It was the year 1492, and the Spanish monarchs decided to invest in a Genoan sailor with grandeur delusions. Somehow that sailor (named Christopher Columbus) reached a continent previously unknown by the Europeans. Because the Spanish kings paid for the trip, they considered all the territories discovered by Columbus and subsequent explorers to be theirs. That meant that a lot of Spaniards started making the trip across the Atlantic and settling in what is now known as Latin America.
Mexico was one of the first territories on the mainland to be conquered, and ever since then Spanish has been spoken in these lands. Tenochtitlan, the capital of the Aztec Empire that ruled Mexico before the arrival of the Spaniards, fell on August 13, 1521. That makes exactly 500 years of the Spanish language being spoken in Mexico.
So, Why is Mexican Spanish Different?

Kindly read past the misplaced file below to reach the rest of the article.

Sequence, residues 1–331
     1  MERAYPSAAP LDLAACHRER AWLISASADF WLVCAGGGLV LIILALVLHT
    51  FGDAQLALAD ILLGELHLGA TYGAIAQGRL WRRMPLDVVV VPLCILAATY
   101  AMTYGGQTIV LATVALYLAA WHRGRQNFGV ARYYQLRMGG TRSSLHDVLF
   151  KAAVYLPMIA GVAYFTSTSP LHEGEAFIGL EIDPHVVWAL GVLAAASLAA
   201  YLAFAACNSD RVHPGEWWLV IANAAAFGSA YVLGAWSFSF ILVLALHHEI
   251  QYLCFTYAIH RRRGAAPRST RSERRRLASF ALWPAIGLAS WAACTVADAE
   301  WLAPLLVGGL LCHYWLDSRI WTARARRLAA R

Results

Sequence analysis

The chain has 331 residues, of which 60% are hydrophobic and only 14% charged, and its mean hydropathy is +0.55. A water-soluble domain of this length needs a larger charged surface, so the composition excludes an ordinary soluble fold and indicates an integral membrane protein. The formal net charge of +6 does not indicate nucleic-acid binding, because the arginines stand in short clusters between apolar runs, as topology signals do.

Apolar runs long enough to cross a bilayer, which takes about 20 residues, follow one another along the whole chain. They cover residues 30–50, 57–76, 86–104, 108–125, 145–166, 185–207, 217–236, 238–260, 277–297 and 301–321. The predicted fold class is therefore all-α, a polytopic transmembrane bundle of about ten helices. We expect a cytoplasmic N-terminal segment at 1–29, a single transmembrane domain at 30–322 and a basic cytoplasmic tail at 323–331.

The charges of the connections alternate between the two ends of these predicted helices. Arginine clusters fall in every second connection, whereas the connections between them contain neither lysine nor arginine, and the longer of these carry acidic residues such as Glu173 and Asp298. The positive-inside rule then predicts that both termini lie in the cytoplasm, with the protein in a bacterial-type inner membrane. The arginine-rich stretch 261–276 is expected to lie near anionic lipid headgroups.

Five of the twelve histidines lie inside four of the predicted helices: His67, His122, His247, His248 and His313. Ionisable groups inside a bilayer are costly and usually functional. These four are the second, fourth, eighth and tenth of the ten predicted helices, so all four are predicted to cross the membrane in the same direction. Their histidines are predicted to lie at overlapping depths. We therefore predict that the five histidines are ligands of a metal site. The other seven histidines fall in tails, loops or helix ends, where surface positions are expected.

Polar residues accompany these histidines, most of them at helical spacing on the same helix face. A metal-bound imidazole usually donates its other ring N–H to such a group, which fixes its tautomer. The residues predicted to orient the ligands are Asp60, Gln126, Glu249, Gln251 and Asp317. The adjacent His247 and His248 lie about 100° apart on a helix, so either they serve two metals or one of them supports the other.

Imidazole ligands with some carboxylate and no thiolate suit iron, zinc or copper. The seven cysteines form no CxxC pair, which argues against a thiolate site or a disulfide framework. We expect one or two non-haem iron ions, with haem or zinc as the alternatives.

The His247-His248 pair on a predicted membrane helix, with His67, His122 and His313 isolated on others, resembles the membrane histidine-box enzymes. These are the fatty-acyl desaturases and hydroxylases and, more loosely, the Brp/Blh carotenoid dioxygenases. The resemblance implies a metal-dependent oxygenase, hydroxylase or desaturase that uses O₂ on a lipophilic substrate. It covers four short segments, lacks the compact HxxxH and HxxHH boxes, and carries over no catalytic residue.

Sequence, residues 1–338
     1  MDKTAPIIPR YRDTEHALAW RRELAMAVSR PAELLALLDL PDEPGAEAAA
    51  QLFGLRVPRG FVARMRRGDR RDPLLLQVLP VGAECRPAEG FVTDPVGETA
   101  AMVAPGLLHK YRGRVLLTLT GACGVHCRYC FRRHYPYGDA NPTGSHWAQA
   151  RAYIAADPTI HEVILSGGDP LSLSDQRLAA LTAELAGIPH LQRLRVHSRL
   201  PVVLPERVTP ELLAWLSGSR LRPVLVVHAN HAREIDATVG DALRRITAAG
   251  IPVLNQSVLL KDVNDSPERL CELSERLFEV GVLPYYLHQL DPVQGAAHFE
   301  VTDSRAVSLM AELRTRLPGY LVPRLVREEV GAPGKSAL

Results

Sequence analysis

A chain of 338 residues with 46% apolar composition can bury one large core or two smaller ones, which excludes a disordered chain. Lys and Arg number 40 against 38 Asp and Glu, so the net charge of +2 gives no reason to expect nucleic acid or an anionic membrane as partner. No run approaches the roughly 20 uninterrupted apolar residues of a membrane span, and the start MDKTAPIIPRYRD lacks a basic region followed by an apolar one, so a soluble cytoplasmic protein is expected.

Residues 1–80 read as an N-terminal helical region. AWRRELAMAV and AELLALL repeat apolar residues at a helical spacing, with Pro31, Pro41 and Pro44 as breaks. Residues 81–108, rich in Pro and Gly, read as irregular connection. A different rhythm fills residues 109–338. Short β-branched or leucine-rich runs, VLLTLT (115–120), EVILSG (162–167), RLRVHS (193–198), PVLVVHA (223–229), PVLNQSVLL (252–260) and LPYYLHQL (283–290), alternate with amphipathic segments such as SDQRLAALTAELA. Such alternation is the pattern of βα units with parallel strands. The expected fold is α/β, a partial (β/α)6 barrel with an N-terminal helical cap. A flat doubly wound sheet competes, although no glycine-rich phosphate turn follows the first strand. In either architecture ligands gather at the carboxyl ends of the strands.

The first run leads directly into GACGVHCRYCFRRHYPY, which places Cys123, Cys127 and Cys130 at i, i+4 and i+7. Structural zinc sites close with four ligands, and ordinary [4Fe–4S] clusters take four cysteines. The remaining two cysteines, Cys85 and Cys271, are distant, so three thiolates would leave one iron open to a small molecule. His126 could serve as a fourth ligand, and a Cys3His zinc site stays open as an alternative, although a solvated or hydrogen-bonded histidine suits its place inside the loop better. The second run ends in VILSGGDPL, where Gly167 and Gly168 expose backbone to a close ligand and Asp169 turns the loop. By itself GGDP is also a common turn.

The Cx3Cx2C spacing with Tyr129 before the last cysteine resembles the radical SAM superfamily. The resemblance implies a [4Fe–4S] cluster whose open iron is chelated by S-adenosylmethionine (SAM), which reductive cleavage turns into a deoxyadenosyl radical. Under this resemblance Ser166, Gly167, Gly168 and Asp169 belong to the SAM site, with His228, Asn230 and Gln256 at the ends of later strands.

For the same reason that American English is different from British English and from Australian English. Because languages are living creatures that evolve with time and develop region-specific characteristics.
The geographical separation between Mexico and Spain meant that during these last 500 years of history, the variant of Spanish on each side of the Atlantic evolved in different ways, incorporating new words from different sources and influences.
That’s how we come to the point of even considering the possibility of a Spanish vs Mexican debate. The truth is that even though there are many differences between Mexican Spanish and the Spanish spoken in Spain, the main body of the language is still the same.
How do I know it?
Because I’m a Mexican who lived in Spain for three years of my life, and I can tell you that I was able to communicate without any problem with the locals and they seemed to understand me very well. Although now that I think about it, they did make fun of my accent sometimes.
Spanish vs Mexican
Let’s take a deep look at the differences and similarities between “Castilian” Spanish (originally from the region of Castilla in Spain), which is the dialect spoken in Spain, and Mexican Spanish: